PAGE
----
Circe Utterly Bewitched Me


So I just finished this book and… wow. As many of you know, I don’t normally review straight away, but it’s the end of the year, I’m compiling lists for wrap ups and, well, I want to discuss this book before that point for *reasons* you can probably guess 😉 Because wow.

Now my love story with this book began a little before I actually cracked it open, because I went to a book event where I got to meet the author! I can safely say she’s one of the loveliest authors I’ve ever met in person. Plus, she really kindly signed and personalised both my books!

Okay, moving on from the virtual book porn- that was only the initial charm after all 😉 Once I started reading, I was captivated by the distinctive, almost breathy voice. I felt like I could hear the hypnotic tones of this goddess with a human voice. So much of the character was bound up in this stylistic, rhythmic cadence. I was lulled, wide awake, into this intricately woven world.

“He could draw you in as if he were winding up a thread”

Indeed, the fact that Circe is a weaver is a central theme, threaded through the narrative. Greek myths are picked and pinned with care into the tremendous tapestry of the tale. Themes that crossed the breadth of time were stitched into a carefully constructed legend. What I loved was how this managed to both evoke well-known stories and also build on them in the true oral tradition.

“Beneath the smooth, familiar face of things is another that waits to tear the world in two”

I will say that, in terms of plot, it’s far from typical of the modern novel. Don’t expect a simple a to b structure- because that’s not what you’re going to get. There are lots of stories bound up in this seemingly simple book. There’s romance, parenthood, adventure and more. All in all, it is a reflection of the circle of life, with all its messy particulars. It’s the heroic journey- and yet it also feels reminiscent of a normal auto-biographical memoir. From beginning to end, it is a love letter to mortality told from the perspective of a god.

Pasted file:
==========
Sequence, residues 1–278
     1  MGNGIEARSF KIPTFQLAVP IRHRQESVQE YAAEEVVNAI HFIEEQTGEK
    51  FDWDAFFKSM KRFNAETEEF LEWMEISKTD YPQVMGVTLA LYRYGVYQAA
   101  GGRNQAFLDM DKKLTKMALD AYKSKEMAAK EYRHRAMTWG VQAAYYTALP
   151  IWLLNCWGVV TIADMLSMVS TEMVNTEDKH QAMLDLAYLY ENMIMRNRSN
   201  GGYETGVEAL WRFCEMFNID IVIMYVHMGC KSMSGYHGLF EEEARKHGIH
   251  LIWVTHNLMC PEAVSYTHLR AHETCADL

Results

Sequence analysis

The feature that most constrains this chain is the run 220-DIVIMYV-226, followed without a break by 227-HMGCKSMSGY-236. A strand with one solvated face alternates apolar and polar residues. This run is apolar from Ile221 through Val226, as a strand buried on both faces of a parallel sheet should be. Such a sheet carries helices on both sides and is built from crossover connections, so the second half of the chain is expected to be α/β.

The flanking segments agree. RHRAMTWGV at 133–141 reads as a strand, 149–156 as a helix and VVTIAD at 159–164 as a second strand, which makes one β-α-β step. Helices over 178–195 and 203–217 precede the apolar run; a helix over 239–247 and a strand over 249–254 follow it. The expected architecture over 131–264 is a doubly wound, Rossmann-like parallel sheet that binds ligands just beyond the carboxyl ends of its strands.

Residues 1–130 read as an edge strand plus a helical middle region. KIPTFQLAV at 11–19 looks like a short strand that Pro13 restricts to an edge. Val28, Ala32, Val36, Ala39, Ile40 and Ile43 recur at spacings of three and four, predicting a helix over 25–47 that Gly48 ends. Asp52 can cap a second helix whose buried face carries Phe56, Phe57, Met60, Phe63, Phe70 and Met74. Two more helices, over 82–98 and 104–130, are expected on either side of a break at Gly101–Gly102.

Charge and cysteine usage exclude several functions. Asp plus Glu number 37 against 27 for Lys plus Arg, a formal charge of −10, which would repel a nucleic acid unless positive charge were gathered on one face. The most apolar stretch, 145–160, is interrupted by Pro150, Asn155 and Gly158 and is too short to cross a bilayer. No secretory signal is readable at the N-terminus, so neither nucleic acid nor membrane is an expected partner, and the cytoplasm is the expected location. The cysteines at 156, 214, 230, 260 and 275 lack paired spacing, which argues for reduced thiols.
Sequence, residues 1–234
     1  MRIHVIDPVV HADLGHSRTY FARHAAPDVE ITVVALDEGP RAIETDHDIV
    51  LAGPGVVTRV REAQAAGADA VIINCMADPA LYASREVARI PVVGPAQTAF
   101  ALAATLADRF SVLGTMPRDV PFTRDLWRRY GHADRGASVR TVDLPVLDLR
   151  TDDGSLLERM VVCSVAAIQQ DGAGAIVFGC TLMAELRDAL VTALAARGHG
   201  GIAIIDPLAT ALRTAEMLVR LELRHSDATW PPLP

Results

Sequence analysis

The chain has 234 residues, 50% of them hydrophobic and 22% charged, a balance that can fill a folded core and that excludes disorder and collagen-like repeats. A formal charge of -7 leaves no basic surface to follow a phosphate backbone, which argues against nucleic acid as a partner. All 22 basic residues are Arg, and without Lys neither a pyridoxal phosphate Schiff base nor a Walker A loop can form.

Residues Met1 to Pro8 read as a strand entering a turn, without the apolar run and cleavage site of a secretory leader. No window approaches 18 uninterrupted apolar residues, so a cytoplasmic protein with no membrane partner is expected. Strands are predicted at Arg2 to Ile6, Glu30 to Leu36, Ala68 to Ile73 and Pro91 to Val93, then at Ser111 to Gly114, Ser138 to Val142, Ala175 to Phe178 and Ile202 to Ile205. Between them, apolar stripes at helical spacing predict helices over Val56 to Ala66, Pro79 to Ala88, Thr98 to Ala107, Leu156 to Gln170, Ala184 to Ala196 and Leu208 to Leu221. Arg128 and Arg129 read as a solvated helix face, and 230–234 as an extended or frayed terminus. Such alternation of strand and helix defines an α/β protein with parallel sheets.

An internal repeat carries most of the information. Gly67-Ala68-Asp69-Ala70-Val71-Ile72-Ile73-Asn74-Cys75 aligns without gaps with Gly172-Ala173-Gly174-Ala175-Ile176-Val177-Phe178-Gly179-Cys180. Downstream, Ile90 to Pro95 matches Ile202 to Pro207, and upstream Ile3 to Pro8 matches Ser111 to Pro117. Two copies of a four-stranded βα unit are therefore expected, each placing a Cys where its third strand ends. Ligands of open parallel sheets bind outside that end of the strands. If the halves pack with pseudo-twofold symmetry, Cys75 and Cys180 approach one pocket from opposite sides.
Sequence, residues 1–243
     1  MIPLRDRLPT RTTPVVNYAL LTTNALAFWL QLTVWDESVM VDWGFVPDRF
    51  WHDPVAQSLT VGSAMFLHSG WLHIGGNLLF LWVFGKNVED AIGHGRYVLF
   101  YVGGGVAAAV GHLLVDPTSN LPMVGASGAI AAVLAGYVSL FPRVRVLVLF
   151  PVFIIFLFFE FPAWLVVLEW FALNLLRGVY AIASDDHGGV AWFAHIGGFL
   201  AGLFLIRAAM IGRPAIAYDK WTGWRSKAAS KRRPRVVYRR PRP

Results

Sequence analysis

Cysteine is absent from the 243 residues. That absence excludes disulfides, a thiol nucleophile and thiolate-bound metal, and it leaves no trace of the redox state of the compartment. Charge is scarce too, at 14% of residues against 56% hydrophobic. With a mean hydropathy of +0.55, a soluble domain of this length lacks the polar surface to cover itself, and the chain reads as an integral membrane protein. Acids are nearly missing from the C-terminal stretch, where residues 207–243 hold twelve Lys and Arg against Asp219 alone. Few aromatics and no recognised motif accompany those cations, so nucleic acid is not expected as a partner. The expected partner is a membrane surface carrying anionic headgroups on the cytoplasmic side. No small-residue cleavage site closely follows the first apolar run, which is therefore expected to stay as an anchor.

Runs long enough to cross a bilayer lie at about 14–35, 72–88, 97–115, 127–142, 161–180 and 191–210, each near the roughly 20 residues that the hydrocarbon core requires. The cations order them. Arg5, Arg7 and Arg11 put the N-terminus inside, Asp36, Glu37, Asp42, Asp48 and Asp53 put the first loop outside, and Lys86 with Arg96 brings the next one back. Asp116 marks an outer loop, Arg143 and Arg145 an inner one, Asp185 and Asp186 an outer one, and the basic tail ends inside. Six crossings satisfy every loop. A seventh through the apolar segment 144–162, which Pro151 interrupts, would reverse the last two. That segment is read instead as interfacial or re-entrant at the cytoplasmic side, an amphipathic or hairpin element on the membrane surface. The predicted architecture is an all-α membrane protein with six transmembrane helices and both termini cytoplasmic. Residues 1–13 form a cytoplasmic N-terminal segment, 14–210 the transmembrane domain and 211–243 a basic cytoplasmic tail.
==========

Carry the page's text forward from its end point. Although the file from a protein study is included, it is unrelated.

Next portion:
“Gods love novelty. They are curious as cats.”

Circe is by far one of the best retellings I have ever read. And for this to be on a topic that I care so much about is just a godsend. Miller did a beautiful job of conjuring the Greek world. This book was steeped in knowledge. There were carefully selected details- my favourite being the fact that Greeks considered bowmen to be cowardly- that brought history and stories to life. I was transported to a time when an epic might be recited from memory and the words they were singing felt like reality. It was like there really was a goddess guiding me through these vivid visions.

“You cannot know how frightened gods are of pain. There is nothing more foreign to them, and so nothing they ache more deeply to see.”

I also appreciated how cleverly the magic system was employed. I have to say this has one of the best descriptions of witchcraft I’ve come across in books. The idea of portraying it as a mixture of will and work (and to an extent artistry) was genius. It very much added to the world building and stood as a testament to the fantasy genre. What I especially liked, though, was how this reflected the idea of her bending fate, in a way that challenged even her divine father, who could merely bear witness to it.

“Then I learned that I could bend the world to my will, as a bow is bent for an arrow.”

Consequently, Circe also explored interesting issues- like the role of women in Greek literature. I really respected the way this showed the strength of women, whilst not attempting to erase or rewrite history. This largely showed women working at the loom, discarded women and women under attack. Yes, there is and always will be room for the Athena-type, but this to me reflected the way a majority of women were treated.

“He showed me his scars, and in return he let me pretend that I had none.”